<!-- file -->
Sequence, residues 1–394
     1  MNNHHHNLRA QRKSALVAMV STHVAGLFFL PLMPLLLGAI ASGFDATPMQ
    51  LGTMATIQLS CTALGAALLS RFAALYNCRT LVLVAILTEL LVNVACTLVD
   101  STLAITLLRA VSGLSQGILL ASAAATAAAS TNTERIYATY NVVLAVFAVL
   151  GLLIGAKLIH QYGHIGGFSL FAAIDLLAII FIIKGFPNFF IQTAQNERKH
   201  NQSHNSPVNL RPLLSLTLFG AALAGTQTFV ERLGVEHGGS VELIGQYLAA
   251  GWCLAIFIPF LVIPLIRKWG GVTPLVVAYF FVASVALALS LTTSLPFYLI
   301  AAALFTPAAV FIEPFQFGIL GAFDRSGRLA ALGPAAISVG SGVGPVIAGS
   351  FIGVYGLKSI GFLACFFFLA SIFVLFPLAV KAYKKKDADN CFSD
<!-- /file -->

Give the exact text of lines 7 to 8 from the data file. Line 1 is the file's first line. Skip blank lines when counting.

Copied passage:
   251  GWCLAIFIPF LVIPLIRKWG GVTPLVVAYF FVASVALALS LTTSLPFYLI
   301  AAALFTPAAV FIEPFQFGIL GAFDRSGRLA ALGPAAISVG SGVGPVIAGS